Reproductive Castes

Differences in Reproductive Function

A fully social or eusocial group is generally understood to exhibit reproductive division of labor. This means that eusocial groups must include some individuals that forgo direct reproduction and instead aid the rearing of the offspring of others in their group. In eusocial insects, the helpers comprise the worker caste and reproductive females are referred to as queens. Termite colonies possess long-lived royal couples (a queen and a king), whereas in eusocial Hymenoptera, males are sometimes referred to as drones. Males in the order Hymenoptera (bees, ants, and wasps) rarely work for their colonies and typically die soon after mating. In contrast, male eusocial thrips (Thysanoptera) and termites (Isoptera) comprise part of the worker force and participate fully in colony labor.

Social insect species vary according to whether the group's members are permanently relegated to reproductive versus worker roles and in the degree of fecundity differences between reproducers and workers. There is a general evolutionary trend toward increased reproductive caste specialization as more complex, larger societies evolve from smaller, simpler ones. In some ants, workers lack reproductive organs and are permanently sterile. In most species, however, workers can achieve limited direct reproduction under some conditions.

Morphological Differences

Some species are reproductively monomorphic, and reproductives do not differ significantly in body structure from workers. Many sweat bees and bumble bees, some paper wasps, and even some primitive ants are examples of reproductively monomorphic species. Workers in monomorphic species are often smaller than reproductives, but there can be considerable overlap in body size distributions among the reproductive castes. In some cases, clear physiological differences distinguish workers from reproductives when morphology does not. For example, temperate Polistes paper wasp colonies produce gynes (potential female reproductives) at the end of the summer. Gynes possess enlarged, nutrient-laden fat bodies, not present in female workers, that permit them to overwinter in a quiescent state.

In contrast, consistent reproductive caste differences in body size and shape have evolved in several lineages of social insects. Most eusocial insects with wingless workers, such as ants and termites, retain a morphologically distinct reproductive caste with wings. In species with flying workers, developmental allometry can still result in the production of distinct, nonoverlapping body forms for reproductives and workers. Morphologically discrete reproductive castes are found among honey bees, stingless bees, and some paper wasps. Reproductives are often larger than workers, but also differ in body proportions (hence shape) in ways that suggest specialization in egg laying, such as relatively enlarged abdomens. The degree of morphological differentiation between reproductive castes probably evolves in response to a complex array of natural selection pressures. For example, the degree to which the colony occupies a defensible, long-lasting nest site may in part determine the whether queens can afford to adopt relatively immobile body forms.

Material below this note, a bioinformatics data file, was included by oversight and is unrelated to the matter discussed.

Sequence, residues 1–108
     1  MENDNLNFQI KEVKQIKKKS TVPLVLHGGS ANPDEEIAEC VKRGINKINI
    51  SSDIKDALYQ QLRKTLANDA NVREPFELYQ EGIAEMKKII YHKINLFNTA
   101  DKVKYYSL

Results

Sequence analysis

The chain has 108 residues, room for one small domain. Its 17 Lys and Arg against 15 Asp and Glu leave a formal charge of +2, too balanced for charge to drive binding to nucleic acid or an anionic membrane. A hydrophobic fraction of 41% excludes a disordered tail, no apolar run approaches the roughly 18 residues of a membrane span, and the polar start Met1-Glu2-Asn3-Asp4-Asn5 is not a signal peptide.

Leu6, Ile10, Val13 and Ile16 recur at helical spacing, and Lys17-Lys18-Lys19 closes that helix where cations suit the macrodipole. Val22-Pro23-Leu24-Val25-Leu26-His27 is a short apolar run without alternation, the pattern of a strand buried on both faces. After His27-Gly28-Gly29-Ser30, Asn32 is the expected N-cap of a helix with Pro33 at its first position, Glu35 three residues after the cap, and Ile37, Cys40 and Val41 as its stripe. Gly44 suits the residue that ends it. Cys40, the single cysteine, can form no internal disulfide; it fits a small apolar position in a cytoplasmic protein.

Caste Determination: Immature Development and Adult Interactions

Other than an interesting exception in the ant Harpagoxenus sublaevis, there are no well-documented cases of genetic differences that affect reproductive caste differentiation. Often caste differentiation must depend in part on differential patterns of gene expression during development, particularly in species with distinct caste morphology.

Differences in environmental conditions during immature development can have strong effects on an individual's caste. Nutritional effects on reproductive caste have been documented in numerous taxa and appear to be widespread, if not universal, among eusocial insects. Differences in the amount of food provided to larvae may underlie many of the differences between reproductives and workers, especially in species exhibiting the common pattern of larger body size for reproductives. However, differences in food quality, possibly including the addition of glandular secretions and pheromones, cannot be ruled out. Especially interesting in this regard are those eusocial wasps whose reproductives are smaller than workers (genus Apoica) or identical in size but different in shape (genus Pseudopolybia).

Social interactions among adults may also influence reproductive caste, particularly in species without apparent morphological caste differences. For example, dominance interactions among paper wasp (Polistes) females, which often cooperate to start new colonies, determine which female acts as the sole reproductive. Subordinate Polistes females function as workers.

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